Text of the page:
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Consumers are willing to pay more for eco-labelled non-food products

Consumers are willing to pay more for non-food agricultural products that have two attributes linked to protection of the environment.  This research was carried out on roses characterised by their carbon footprint and the presence of an eco-label.

Tropical rose (Delbard, 1956). © INRA, WEBER Jean
Updated on 11/07/2013
Published on 10/31/2013

There are numerous motivations which underlie consumer purchases of goods with eco-labels

Many studies have shown that consumers are paying increasing attention to the environmental characteristics of the products available to them. Their interest may result in a willingness to pay more for products that integrate attributes linked to protection of the environment.  However, the great majority of these studies have to date focused on food products, where a degree of confusion persists regarding the true motivations of consumers.  Foods produced by organic farmers may be chosen for altruistic reasons (or in other words, to protect the environment during their production) or for strictly individual reasons linked to diet (e.g. for their gustatory properties or health qualities). The challenge for consumption economists is therefore to dissociate these two types of motivation (individual or environmental benefits) when trying to place a global value on ecological products.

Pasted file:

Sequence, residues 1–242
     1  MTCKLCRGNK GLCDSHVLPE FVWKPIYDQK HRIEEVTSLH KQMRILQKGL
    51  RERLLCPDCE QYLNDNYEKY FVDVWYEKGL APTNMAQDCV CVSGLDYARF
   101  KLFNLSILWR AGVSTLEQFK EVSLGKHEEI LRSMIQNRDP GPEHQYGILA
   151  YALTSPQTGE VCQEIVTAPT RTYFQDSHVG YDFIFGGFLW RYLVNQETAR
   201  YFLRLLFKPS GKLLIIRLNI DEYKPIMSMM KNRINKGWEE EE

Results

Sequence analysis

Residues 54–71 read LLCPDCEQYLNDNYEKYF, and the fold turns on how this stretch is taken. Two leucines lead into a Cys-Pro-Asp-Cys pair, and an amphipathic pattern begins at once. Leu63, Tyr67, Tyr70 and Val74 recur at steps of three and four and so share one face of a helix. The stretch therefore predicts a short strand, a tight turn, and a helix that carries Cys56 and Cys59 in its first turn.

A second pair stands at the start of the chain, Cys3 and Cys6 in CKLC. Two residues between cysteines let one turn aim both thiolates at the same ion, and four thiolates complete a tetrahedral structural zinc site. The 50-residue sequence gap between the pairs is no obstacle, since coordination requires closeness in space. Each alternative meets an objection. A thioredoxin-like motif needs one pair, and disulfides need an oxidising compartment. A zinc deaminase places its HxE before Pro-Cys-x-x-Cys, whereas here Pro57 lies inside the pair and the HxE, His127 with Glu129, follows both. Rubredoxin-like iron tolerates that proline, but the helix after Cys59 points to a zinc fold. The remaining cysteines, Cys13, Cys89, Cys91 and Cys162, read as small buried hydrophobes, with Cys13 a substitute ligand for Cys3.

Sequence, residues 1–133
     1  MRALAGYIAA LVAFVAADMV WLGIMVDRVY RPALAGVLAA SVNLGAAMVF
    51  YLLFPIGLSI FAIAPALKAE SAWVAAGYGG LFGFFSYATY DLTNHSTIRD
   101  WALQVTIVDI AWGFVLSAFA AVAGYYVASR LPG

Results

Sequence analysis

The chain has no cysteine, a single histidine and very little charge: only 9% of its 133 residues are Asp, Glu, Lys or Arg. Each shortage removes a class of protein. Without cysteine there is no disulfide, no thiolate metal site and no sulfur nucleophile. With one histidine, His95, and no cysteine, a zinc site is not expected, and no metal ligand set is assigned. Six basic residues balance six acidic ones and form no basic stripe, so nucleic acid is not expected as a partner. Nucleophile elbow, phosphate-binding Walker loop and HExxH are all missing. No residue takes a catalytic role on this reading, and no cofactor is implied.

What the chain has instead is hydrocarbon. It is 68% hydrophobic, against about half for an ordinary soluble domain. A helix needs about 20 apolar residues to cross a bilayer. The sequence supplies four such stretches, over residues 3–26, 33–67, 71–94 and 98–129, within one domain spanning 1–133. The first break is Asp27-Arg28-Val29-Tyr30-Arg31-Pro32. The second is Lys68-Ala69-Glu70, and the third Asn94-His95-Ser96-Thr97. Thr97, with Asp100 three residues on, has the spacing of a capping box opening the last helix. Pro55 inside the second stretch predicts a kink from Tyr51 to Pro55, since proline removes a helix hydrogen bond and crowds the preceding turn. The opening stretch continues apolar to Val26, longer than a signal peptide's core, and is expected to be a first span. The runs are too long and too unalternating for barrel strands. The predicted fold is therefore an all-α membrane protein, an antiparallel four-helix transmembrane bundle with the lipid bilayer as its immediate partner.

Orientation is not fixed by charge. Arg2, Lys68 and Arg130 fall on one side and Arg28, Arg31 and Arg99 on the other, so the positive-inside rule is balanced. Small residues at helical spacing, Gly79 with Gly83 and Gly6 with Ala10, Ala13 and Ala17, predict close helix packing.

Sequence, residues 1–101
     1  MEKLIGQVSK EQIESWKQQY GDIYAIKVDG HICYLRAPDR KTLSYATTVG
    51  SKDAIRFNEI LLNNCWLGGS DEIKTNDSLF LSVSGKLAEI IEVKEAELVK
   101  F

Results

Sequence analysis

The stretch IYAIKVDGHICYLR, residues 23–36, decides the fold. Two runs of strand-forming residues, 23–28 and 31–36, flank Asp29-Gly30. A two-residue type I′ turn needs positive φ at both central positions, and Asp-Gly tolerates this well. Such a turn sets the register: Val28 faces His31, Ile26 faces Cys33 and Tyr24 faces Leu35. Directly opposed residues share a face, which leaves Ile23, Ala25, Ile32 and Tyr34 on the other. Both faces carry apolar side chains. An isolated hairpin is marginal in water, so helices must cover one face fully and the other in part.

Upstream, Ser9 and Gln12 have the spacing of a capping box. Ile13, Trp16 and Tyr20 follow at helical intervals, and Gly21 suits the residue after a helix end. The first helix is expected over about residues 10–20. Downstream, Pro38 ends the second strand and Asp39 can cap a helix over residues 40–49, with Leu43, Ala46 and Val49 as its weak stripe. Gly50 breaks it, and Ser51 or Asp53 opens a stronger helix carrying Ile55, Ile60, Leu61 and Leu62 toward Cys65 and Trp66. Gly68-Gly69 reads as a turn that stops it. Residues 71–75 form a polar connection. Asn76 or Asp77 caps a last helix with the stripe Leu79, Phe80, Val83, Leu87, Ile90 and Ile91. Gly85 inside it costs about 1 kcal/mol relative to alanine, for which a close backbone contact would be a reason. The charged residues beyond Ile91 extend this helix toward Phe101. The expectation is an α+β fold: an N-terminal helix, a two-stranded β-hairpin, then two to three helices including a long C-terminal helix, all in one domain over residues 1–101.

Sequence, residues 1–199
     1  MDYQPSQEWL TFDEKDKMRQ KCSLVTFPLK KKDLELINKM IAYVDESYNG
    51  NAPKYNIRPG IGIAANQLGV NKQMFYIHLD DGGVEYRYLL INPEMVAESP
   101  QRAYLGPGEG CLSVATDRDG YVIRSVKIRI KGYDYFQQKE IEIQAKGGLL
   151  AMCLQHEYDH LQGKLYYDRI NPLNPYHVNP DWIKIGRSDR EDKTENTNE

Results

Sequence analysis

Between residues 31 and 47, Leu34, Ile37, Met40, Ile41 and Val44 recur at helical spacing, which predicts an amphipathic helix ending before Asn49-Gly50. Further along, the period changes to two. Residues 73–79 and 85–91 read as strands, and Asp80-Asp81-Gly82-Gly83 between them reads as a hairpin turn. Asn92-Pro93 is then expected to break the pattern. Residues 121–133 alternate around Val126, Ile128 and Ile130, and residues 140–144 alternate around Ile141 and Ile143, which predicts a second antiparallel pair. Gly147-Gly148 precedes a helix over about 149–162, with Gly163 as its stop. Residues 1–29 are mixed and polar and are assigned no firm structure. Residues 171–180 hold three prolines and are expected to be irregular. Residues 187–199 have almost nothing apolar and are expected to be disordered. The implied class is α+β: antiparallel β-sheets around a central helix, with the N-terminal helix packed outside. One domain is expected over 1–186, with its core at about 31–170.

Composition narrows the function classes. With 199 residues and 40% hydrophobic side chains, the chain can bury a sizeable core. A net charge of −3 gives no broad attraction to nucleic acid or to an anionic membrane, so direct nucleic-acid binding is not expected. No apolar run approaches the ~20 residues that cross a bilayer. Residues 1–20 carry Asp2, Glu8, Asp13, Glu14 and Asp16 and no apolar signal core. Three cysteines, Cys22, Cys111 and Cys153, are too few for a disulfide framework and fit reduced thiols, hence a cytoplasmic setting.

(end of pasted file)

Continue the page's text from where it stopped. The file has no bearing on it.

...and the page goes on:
A true motivation for products with environmental attributes

In the present case, the evaluation of willingness to pay was based on a series of experiments performed in the laboratory and involving subjects representative of the population.  In order to place a limit on strictly individual motivations to consume eco-labelled products, the experiments concerned a non-food agricultural product (roses) which bore one concerning their production conditions (eco-label) and a second indicating how they had been transported (carbon footprint).  The results showed that consumers placed a real value on products with environmental attributes that only procured collective benefits.  They placed greater importance on those with a global impact (carbon footprint) than on those whose environmental attributes were more localised (eco-label).

Contact(s)
Scientific contact(s):

  • Daniel LLERENA (+33(0)4 76 82 59 72) Joint Research Laboratory for Applied Economics
Associated Division(s):
Social Sciences, Agriculture and Food, Rural Development and Environment.
Associated Centre(s):
Provence-Alpes-Côte d'Azur